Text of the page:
Paraben-free shampoo, paraben-free deodorant, paraben-free moisturizer – it seems that everywhere we look, more and more products are throwing out this buzzword, without explaining why these compounds have such bad reputation in the beauty industry. What exactly are these compounds, and should we really be avoiding them?
The term paraben encompasses a variety of types, the most common being methylparaben, ethylparaben, propylparaben, butylparaben, and heptylparaben. They are synthetic esters of para-hydroxybenzoic acid, from which its name is derived. Although man-made, parabens mimic natural antibacterial chemicals found in plants.
They were first introduced into commercialized products in the 1950s to serve as a preservative. As water-soluble compounds, parabens act against bacterial and fungal growth in the water-continuous phase of the commercial product. Its ease of production and relatively low price makes it the most widely used preservative in the beauty industry, with approximately 85% of cosmetics containing them. Moreover, around 90% of grocery items contain some amount of parabens.
In the 1990s, parabens were discovered to mimic estrogen by binding to estrogen receptors. Considering that estrogen leads to greater cell division and growth, parabens were deemed a potential carcinogen. A 2004 British study further investigated the link between parabens and cancer and found that the chemical was present in 19 out of 20 samples of breast tumors. However, this study did not prove causality between parabens and breast cancer. Ultimately, it showed that parabens have the ability to penetrate the skin without the body’s metabolism affecting its presence in the tissues. This itself might be concerning for those who use multiple products containing parabens. Although the FDA has approved extremely low concentrations of parabens in individual formulations, most people use many products that contain parabens, and the compounded effects of exposure to various parabens have not been extensively studied. Despite the need for further research, there is currently no proven link between parabens and cancer. In addition, many scientists maintain that its estrogenic effects are weak enough to be no cause for concern. Another important consideration is the effect of these chemicals on the environment. Several studies have found parabens present in the bodies of marine mammals. These could potentially have adverse consequences on aquatic life.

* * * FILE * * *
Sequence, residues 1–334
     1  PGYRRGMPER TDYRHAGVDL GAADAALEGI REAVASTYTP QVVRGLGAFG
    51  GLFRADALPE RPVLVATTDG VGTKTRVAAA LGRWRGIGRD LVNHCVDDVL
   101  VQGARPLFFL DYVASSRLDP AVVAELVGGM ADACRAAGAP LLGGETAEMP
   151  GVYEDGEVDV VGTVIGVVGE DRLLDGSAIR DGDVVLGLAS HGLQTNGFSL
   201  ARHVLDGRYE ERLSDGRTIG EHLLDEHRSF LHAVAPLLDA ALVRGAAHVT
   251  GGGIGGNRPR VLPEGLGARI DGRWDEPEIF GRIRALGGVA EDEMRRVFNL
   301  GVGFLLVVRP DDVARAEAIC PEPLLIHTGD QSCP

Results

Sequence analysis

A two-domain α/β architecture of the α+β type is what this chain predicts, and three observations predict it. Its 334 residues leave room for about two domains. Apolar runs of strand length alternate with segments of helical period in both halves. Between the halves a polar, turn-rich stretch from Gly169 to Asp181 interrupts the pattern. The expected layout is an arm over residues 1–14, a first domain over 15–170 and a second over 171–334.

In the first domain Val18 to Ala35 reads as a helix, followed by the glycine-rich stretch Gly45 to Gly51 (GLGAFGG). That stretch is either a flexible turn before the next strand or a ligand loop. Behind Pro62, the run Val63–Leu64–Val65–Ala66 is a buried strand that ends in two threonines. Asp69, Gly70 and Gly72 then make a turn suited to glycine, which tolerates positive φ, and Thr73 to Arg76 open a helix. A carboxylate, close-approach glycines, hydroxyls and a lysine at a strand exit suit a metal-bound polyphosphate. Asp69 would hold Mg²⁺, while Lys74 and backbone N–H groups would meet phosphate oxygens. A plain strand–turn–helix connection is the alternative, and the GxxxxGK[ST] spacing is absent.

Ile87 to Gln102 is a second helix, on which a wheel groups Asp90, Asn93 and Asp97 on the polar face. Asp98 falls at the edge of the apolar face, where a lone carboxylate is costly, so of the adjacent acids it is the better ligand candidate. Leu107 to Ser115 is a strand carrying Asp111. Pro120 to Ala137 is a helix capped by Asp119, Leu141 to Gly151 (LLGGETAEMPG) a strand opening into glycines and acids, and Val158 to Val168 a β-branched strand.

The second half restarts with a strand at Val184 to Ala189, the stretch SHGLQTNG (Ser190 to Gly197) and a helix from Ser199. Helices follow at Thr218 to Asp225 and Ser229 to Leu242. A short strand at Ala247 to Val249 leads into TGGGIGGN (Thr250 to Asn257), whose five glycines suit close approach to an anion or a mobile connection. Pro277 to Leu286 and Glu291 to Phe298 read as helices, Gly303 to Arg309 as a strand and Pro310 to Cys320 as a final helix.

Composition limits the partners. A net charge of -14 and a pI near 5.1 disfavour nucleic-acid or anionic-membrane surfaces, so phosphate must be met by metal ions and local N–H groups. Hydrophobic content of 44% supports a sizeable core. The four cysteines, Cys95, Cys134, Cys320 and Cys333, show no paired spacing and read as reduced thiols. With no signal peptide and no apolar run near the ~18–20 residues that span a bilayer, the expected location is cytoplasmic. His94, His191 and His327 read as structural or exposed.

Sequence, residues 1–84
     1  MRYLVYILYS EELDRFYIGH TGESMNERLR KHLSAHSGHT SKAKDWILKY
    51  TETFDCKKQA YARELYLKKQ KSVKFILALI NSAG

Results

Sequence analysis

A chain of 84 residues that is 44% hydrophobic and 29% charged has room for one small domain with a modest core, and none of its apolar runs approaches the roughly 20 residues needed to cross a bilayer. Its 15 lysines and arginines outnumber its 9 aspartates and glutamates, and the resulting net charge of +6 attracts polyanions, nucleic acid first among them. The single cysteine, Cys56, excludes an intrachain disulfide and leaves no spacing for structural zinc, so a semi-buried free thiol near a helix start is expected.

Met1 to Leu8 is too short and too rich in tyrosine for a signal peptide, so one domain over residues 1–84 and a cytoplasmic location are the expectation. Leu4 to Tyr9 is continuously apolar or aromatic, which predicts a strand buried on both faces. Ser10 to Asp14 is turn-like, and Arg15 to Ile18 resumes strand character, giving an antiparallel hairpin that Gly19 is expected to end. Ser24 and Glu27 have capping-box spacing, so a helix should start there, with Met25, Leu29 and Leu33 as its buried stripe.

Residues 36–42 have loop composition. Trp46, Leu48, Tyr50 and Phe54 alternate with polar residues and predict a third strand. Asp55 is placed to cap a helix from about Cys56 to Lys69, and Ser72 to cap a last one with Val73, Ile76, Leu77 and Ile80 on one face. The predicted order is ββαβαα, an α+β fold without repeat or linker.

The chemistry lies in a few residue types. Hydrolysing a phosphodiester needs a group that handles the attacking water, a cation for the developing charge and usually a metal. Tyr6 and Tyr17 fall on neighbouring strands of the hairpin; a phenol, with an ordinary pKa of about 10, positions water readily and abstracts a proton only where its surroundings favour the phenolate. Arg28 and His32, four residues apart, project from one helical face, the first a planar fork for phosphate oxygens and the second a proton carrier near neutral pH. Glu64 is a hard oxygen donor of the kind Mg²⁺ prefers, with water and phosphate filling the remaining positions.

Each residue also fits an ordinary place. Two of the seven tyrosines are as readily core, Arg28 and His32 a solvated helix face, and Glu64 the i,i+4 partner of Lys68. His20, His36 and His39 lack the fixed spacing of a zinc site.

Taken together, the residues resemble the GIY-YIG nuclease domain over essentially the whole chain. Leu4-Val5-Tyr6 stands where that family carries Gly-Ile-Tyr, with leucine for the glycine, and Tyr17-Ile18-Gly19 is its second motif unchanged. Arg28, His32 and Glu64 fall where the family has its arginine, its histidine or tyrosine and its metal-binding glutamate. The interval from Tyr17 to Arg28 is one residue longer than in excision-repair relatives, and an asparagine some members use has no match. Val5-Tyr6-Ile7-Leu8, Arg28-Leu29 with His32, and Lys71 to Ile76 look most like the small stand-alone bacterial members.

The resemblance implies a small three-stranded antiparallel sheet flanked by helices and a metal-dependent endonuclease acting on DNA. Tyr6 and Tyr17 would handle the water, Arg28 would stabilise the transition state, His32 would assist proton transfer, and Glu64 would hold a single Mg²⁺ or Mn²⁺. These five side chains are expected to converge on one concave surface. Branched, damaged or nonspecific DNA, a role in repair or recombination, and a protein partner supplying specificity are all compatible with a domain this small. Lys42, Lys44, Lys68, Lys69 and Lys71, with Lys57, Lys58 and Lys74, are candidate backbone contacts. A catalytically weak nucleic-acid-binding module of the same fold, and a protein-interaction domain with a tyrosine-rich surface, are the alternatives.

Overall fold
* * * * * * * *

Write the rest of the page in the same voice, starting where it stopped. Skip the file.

It seems that going “paraben-free” might be the safer and more ethical option. However, use these products with caution. Often manufacturers replace parabens with other new preservatives, on which there is very little knowledge or research. An example of this risk is the replacement of parabens with methylisothiazolinone. Increased use of this compound led to greater skin sensitization and allergies, leading to the European Authorities banning methylisothiazolinone.
Other alternatives also have their drawbacks. Essential oils, vitamins, and herbs, which contain natural antimicrobial properties, can break down quickly, reducing the shelf life of the product. In addition, oils and extracts must be used in high concentration to counteract bacterial growth, which can be irritating. Sodium benzoate is another natural preservative derived from fruits and roots. It is effective against fungal and yeast growth, but fails to protect against bacteria. In addition, the combination of sodium benzoate and vitamin C, a common ingredient in skincare, can lead to the formation of benzene, a known carcinogen. Ethylhexylglycerin from grains and plants can also replace parabens; although, it has been linked to skin irritation.
It is important, then, not to blindly accept paraben-free products as superior to products that contain parabens. Keep in mind that parabens are used in very low concentrations, and currently there is no causality between parabens and cancer. If you choose to avoid parabens, do your research on what you are putting on your skin.